Digital assets move mainstream

According to a recent survey conducted jointly by Citi and Global Custodian, the financial services industry recognises the potential of digital assets to capture a significant portion of trading activity over the next few years, though many individual firms have yet to refine their own strategies for engagement.
By Joe Parsons

Sponsored by Citi

Some 63% of survey participants indicated they were in the process of developing a strategy to invest in or support digital assets, while 28% said they already have a clear strategy in this regard. 

Based on more than 220 validated responses from along the investment chain (see figure 1), the survey results show an overwhelming expectation (91%) that digital assets – essentially a basket of different asset classes enabled by a common technology, cryptographically secured on a distributed ledger – will become dominant over time. 

Almost 50% of survey respondents overall expect investor interest in digital assets and related services to grow rapidly. This figure is slightly higher among broker dealers and investment banks (51%). Perhaps reflecting regulatory constraints in relation to their own institutional clients, this expectation of rapid take-up falls to 43% among mainstream asset managers, though 38% say they are already actively participating in the market and 50% expect to participate in live use cases within two years. Firms claiming already to be actively participating in the digital asset market average 47% across the survey as a whole.

When it comes to constraints on engagement, some 34% of asset managers in the survey cite regulatory concerns. For broker dealers, by contrast, the most significant barrier is seen as lack of secure market infrastructure. Interestingly, when asked about the perceived advantages of digital assets, more respondents cited greater efficiency in the investment and trading process (30%) than the potential for higher returns (25%) – which may well be the main attraction for retail investors in digital assets (see figure 2).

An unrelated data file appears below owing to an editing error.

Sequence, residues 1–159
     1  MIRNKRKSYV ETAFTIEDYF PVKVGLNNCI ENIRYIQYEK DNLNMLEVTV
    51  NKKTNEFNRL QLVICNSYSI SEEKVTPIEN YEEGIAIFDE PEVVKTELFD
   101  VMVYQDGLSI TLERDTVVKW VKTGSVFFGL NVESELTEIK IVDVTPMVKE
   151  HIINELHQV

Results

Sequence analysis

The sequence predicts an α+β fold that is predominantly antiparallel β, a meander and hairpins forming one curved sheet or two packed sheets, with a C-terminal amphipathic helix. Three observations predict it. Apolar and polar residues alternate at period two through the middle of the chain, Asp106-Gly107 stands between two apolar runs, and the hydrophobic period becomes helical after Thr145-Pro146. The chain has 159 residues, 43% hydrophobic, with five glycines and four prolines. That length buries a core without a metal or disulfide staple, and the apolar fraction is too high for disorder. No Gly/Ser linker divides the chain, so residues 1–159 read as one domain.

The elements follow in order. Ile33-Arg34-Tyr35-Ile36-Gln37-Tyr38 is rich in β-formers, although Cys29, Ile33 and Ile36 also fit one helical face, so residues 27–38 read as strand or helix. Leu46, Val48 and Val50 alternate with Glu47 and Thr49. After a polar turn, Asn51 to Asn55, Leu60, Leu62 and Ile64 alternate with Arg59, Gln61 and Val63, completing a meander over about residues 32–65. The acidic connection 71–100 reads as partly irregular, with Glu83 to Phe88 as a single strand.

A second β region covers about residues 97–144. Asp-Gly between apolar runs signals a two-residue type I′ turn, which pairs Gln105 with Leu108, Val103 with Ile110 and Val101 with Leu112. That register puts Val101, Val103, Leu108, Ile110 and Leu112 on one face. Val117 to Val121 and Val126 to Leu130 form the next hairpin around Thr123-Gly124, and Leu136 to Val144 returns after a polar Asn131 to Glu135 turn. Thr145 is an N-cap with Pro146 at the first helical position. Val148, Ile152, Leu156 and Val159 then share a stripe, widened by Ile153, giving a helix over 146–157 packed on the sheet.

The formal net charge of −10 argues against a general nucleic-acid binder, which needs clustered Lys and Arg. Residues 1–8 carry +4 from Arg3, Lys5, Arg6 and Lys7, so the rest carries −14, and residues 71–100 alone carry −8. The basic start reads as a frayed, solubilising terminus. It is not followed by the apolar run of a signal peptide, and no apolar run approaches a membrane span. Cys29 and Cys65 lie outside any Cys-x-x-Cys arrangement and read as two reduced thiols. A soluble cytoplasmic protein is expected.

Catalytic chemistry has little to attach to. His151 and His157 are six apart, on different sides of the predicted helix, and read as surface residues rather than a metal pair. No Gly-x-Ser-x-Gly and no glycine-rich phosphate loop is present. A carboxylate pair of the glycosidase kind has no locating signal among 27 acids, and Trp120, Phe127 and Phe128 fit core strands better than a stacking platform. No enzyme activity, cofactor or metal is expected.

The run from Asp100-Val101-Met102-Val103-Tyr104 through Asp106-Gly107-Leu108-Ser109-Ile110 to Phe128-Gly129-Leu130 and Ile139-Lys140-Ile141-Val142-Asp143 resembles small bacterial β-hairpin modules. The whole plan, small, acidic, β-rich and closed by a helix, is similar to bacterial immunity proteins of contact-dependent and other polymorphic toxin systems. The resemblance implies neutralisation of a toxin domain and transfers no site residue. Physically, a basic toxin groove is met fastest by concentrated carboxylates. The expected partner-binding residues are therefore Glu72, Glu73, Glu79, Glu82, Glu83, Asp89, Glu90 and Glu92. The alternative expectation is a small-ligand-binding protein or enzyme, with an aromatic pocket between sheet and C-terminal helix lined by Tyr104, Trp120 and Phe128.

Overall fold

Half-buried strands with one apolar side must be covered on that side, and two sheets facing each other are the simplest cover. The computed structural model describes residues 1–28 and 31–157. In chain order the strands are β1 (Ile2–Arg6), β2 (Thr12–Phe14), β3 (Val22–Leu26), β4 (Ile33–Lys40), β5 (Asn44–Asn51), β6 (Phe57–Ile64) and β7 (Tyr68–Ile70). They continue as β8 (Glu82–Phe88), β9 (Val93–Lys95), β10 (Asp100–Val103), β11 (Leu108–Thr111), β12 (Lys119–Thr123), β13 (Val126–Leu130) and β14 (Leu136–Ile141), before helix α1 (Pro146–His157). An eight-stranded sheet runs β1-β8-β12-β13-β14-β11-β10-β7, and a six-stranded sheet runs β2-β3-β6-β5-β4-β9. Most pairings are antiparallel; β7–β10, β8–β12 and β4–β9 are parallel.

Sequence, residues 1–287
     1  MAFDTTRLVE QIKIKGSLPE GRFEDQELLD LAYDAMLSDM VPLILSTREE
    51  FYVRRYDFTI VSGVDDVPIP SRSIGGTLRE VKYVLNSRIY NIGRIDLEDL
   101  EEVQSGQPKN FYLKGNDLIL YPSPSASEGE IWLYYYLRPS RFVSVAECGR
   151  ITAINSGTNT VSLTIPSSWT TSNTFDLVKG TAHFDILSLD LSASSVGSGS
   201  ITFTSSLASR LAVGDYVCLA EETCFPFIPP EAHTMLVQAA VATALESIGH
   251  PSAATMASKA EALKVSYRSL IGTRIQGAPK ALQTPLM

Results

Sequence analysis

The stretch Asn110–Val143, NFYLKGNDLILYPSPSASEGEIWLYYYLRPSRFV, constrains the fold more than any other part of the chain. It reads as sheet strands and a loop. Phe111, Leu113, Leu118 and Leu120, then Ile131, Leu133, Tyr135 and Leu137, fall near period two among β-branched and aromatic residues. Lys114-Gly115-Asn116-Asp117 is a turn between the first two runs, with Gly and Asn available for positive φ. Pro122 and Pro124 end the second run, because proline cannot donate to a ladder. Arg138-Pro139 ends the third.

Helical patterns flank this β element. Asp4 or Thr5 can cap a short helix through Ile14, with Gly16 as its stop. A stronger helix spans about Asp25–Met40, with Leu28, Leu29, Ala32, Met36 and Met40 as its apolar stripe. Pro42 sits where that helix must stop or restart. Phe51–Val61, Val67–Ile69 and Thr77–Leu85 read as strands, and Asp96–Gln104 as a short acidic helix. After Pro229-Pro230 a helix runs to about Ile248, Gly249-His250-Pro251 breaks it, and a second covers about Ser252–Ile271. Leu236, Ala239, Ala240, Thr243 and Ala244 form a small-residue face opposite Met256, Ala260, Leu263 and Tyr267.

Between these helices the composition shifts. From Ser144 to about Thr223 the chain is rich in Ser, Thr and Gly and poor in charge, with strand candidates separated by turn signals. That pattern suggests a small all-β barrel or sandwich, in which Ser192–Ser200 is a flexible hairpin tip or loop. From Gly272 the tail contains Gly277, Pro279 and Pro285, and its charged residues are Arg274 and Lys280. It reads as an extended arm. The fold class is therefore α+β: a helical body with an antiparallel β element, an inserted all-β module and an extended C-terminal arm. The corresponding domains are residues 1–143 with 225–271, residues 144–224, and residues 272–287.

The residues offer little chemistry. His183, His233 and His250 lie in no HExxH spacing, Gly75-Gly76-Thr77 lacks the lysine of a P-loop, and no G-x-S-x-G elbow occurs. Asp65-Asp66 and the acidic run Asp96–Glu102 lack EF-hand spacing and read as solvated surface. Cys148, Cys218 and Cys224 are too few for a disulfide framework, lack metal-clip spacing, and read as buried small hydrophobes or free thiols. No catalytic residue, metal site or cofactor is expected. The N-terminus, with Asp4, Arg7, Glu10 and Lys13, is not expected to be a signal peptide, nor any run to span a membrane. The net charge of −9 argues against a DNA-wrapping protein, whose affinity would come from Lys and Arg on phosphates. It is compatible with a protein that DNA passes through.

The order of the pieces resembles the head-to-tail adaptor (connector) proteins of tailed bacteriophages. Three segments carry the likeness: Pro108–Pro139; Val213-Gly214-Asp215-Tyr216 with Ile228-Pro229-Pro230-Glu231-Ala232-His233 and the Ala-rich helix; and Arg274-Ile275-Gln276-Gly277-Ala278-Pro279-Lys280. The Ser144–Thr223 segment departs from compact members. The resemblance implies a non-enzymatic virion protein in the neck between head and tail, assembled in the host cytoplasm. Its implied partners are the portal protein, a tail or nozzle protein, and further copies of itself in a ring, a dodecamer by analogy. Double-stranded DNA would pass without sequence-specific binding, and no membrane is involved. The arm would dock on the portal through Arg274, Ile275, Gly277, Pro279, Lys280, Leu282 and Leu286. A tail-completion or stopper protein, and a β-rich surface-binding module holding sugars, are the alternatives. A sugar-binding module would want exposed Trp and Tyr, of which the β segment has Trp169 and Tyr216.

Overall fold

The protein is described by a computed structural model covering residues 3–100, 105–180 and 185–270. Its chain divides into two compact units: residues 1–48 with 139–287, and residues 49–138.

Digital securities on regulated markets and digital alternative assets such as real estate and private equity were, on average, regarded as most likely to attract direct interest from institutional investors. In that context, custody remains a crucial element in the investment process, even with a blurring of the sequential transaction chain.

Custody of digital assets for institutional clients is likely to pit traditional service providers against a range of non-bank FinTechs with competition yet to play out. In a digital context, custody involves managing and storing the private keys that control the assets on behalf of the owner. Particularly for institutional investors focused on asset safety, the addition of digital assets to a portfolio should not, in principle, be outside the remit of traditional service providers. 

The survey found that while expertise in traditional custody was seen by just under a quarter of respondents as the most important consideration in appointing an external custodian for digital assets, 47% prioritised experience in digital assets and networks as the key factor (see figure 3).Perhaps of some comfort to traditional custodians, 20% of asset managers participating in the survey pointed to an existing commercial relationship as of primary importance in their awarding of a digital custody mandate.

The full report on the survey findings may be downloaded from the Global Custodian website.